I have known Dave Campbell since long long ago when we were both in the House during our Golden Younger Ages. He took a couple of decades off to do other things, and many of us who knew him back then were happy he returned to the Legislature a few years ago.
Since our first years last Century, we’ve each lost some hairs and I’ve grown fatter, while he’s grown even smarter than he was — and he was kind of brilliant back then too.
On Sunday’s WMUR CloseUp, he was sharing the screen with a Republican House member — his name isn’t important because so many of them seem to be on the same boat. Dave’s “opponent” if he can be called that, because Dave blew him out of the water on each point, obviously had a bit too much coffee before the taping, and tried to ambush David into looking into the camera and telling us why the 4 cent a gallon increase in David’s gas tax legislation is necessary, since that would stop people from buying milk.
(As an aside, I have seldom seen a less professional and grossly political ambush on WMUR, but it filled my need for momentary Sunday morning entertainment on what is usually an excellent serious face-to-face exchange of ideas among knowledgeable political-types.)
I didn’t quite follow the buying milk-vs.-gasoline argument because this is a user tax, but since Dave’s opponent also wants to privatize the state’s transportation department and turn it over to the lowest bidder, I guess it make sense to him.
David stayed cool, calm, and collected — cliché as those words may be — and explained the importance of the highway fund and the value of quality roads. And for those in the Seacoast who saw our bridge to Maine get stuck for four days recently, tying up our river and Interstate 95 traffic, we surely understand and can relate with Dave’s point.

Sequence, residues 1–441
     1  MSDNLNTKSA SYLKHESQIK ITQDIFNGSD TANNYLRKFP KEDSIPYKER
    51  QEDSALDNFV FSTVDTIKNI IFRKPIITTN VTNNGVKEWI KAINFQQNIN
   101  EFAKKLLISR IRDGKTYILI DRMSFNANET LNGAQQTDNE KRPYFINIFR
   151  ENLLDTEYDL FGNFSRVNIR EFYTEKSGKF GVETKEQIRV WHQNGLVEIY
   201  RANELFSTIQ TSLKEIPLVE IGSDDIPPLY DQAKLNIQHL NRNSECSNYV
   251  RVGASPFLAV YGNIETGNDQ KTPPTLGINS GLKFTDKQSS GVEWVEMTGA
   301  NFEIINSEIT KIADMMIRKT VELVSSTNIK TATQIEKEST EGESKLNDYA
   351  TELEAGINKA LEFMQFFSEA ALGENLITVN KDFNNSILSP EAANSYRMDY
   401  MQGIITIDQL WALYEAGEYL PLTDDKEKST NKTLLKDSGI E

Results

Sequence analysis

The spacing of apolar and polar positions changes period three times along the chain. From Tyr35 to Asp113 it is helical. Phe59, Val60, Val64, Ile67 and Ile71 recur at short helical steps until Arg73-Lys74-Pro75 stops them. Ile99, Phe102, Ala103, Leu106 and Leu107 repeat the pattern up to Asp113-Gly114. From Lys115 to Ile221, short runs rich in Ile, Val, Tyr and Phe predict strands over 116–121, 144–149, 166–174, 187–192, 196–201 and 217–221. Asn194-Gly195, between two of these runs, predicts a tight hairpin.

Beyond all the arguments on the gas tax, and whether there’s enough will in the House and Senate to pass what must be done, is that highway improvements pay back many times over — certainly more than the 4 cents called for this year. Potholes destroy cars (ask any car mechanic just before she gives you the $300 bill for an alignment, or worse), and create safety problems and accidents.
Driving on broken roads eats up gas and creates more wear and damage on tires. And when roads aren’t built and old routes have to be followed, they’re always longer and those extra 1/8 miles here, or 1/4 miles more there to take an older road, add up.
This is about our economy. Our tourist industry. Our hospitality business. Our own employees getting to work and back home more directly, safely. It’s about us. It’s about our neighbors. It’s about our kids being driven to school and back in too-old buses.
Let alone the fact that much of the slight increase of cost per gallon will be paid by our visitors, who benefit from having a better driving experience in New Hampshire. They might not buy many gallons of milk here. But they sure buy gasoline.
And one message for Dave’s opponent who is concerned about milk: that price of milk is affected by the cost of transportation to get it to our stores, and bad roads increase the cost of trucks delivering the milk to our stores. Trucks are heavy, and wear and tear greatly affects the cost of maintenance when they roll on roads awaiting repair.
Back to Dave Campbell for a moment — it’s great he’s returned as House Public Works and Highways Committee chair. All the more reason why it’s been important to have a majority in the House. I know we’re all concerned about not giving the Republican far-right and Tea Partiers talking points in the November, 2014 campaign, but we have to govern with New Hampshire’s future in mind. That means investing in our future.
While they might campaign against us next year saying “Democrats passed a gas tax increase,” I have to believe that voters are smarter than falling for the care-not-about-your-neighbors philosophy.